Time abroad and travel often help us see our home country in a different light but it also makes us aware how little the rest of the world knows about our vast and beautiful nation. Despite our humble nature, we Canadians are fiercely proud of our country and we'll gladly sing its praises.
PART ONE | PART TWO | PART THREE | PART FOUR | PART FIVE | PART SIX
Stranger/acquaintance: “No, no…where are you really from?”
Me: “Um, Toronto? British Columbia? Still Canada”
Stranger/acquaintance: *sigh and eye roll* “No, I want to know where you are really from!”
The above is an exchange that I’ve had time and time again. It’s one I’m sure countless other Canadians – those born and bred in our home and native land I might add – have endured; citizens, who, for one reason or another, seemingly do not look, speak or act the part of a “real” Canadian.
Whatever that means.
If I had a dollar for every time I was asked this question, I’d be so rich that I wouldn’t be typing this entry right now. Someone else would be doing it, because I’d be busy sipping vintage Krug, eating bonbons and burning a paper trail all the way up 5th Avenue. Though I can understand where the stereotyping/ignorance/misunderstanding behind the question comes from, I still can’t help but get a bit miffed when it’s posed. It makes me bristle. It sometimes makes me cringe. It has – on occasion – lead me to despair.
Just a bit.
This YouTube video by Ken Tanaka (about stereotyping in the US) says it all.
I mean, I could understand the confusion if I divulged I was from an über homogenous country, a place like Norway, Japan or Lithuania that doesn’t have the same colonial history Canada does, and that doesn’t naturalize as many citizens as we do on a yearly basis. Canada is one of the most culturally/racially diverse countries on the planet. It was the first country in the world to politically adopt a multiculturalism platform (1971) that ultimately served to uphold the “value and dignity of all Canadian citizens regardless of their racial or ethnic origins, their language, or their religious affiliation.” It’s a country where six million Canadians have a language other than English or French as their mother tongue (with Chinese, Italian and German topping the list), and where the ethnic breakdown of Canada’s 35 million citizens include 10% Germans, 4% South Asians, 4% of Chinese origin and 2.5% Black/Africans. Just to name a few.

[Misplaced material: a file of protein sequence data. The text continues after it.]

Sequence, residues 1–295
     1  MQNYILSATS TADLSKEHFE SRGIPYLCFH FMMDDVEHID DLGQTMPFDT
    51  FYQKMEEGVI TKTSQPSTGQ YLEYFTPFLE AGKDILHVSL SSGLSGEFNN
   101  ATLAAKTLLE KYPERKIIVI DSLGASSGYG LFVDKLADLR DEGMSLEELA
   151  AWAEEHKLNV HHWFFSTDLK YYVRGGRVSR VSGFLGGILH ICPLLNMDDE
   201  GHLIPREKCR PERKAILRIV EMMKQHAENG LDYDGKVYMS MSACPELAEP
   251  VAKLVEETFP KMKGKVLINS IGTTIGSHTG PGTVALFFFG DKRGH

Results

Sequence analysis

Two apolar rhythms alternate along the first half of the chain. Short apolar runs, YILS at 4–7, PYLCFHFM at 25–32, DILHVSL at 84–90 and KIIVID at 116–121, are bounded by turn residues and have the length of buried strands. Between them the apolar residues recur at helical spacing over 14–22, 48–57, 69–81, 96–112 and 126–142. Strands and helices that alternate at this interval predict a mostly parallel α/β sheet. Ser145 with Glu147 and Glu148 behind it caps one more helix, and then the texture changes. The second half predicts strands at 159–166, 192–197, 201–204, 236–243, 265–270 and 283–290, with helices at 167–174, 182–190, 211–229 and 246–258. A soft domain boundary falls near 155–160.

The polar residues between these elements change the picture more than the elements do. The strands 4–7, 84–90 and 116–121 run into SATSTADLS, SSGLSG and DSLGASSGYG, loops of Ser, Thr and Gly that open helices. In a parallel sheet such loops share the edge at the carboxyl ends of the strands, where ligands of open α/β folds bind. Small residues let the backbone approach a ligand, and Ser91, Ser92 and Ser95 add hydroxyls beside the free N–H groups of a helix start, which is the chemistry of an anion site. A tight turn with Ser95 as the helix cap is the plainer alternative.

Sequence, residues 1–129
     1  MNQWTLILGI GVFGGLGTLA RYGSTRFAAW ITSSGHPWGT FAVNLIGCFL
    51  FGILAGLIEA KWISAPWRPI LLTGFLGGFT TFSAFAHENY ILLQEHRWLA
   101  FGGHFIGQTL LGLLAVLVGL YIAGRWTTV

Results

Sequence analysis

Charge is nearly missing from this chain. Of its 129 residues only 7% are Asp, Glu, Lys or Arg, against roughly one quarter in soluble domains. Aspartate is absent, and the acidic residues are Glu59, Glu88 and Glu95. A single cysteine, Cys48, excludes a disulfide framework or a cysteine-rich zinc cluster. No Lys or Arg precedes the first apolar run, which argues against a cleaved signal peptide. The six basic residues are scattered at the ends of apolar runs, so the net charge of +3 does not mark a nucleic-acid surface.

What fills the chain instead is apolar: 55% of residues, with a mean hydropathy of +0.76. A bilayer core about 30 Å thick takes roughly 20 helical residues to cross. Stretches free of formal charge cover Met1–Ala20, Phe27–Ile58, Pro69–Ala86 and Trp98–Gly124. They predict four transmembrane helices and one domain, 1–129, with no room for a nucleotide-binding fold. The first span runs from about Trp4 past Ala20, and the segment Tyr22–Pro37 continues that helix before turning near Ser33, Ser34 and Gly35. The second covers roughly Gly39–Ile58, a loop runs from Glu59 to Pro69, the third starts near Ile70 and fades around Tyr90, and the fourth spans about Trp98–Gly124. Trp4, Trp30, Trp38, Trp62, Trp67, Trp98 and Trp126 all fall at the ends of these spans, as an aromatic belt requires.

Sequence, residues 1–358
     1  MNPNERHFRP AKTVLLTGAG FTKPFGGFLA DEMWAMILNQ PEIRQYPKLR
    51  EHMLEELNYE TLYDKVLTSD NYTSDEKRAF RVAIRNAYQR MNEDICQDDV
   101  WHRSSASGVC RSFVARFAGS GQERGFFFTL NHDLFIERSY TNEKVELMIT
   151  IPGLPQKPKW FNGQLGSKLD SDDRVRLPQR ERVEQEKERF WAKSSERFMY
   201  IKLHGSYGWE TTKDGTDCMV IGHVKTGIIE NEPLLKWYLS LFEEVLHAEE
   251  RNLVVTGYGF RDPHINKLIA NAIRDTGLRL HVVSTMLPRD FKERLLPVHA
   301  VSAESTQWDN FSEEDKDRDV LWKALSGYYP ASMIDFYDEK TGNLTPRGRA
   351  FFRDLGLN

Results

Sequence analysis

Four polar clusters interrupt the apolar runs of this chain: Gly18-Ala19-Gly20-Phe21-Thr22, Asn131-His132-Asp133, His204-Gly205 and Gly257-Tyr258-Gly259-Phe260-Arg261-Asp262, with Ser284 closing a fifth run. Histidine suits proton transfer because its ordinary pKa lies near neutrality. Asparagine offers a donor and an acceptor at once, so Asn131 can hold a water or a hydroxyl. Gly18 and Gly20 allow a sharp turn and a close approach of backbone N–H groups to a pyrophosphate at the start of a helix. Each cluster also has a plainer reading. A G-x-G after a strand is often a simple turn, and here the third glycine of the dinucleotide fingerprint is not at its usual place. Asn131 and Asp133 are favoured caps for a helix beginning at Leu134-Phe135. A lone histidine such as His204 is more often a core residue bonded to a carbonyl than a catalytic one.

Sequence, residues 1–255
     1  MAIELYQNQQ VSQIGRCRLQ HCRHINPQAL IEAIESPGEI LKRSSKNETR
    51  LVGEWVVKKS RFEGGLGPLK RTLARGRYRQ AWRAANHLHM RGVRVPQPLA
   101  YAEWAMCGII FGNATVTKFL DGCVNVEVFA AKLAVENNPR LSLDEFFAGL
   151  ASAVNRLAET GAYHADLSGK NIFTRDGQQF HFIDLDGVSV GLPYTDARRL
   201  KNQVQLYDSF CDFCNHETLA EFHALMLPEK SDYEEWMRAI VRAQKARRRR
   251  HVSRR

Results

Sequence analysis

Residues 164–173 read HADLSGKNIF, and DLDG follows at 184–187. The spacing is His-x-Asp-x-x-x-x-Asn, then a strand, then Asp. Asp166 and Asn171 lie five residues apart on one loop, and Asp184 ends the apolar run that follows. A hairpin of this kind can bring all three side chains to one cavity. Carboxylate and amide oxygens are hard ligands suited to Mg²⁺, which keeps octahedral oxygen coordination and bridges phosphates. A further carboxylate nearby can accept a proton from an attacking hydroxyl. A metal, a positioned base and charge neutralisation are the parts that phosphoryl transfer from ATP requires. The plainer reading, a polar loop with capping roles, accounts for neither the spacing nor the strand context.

A love of Tim Hortons and Lululemon is a better barometer for how “real” Canadians should be distinguished perhaps?
In spite of these numbers though, there are people who are utterly fixated on trying to figure others out and put them into neatly defined boxes. I get it, I get it, what people ultimately want to know is one’s heritage and when people ask the feared “where are you from?” question 98% of the time it’s done out of genuine curiosity. The thing is, while it’s not offensive to ask where I’m from, it is kind of rude to keep pushing the envelope and make assumptions about my citizenship/person that are often wildly off base. I was born in Canada (I’m a steel town girl). I speak English rather well (and French too for that matter). My parents did not emigrate from Africa. Yes, I’m quite certain they didn’t emigrate from Africa.
This is where I’m REALLY from: small town Canada.
So the next time one of your wildly curious friends encounters a Canadian (or an American, Australian, Brit…or just anyone else for that matter) who may not look or sound the way they expect a Canadian (American, Australian or Brit) to sound, just tell them to roll with it. Accept it. If they’re extremely overburdened though by whatever niggling query burns at the back of their mind, tell them to satiate their curiosity by perhaps rephrasing the question so it reads: “Oh, what are your roots then? Are/were your parents/grandparents Canadian as well?”
Because it’s all about semantics, and that’s really the question they’re getting at anyways.
Canadian, expat, yogini, serial shopper and traveller…JoAnna is an Intolerant, but the really nice kind. Always on the lookout for delicious intolerant-friendly food (sometimes vegetarian, often without gluten and always dairy-free) JoAnna also enjoys engaging in unconventional things on her travels and uncovering places to while away an afternoon, indulge in glass of wine and/or score a killer vintage handbag. JoAnna rants about all the goodness she comes across on Twitter, Instagram and her blog For the Intolerants.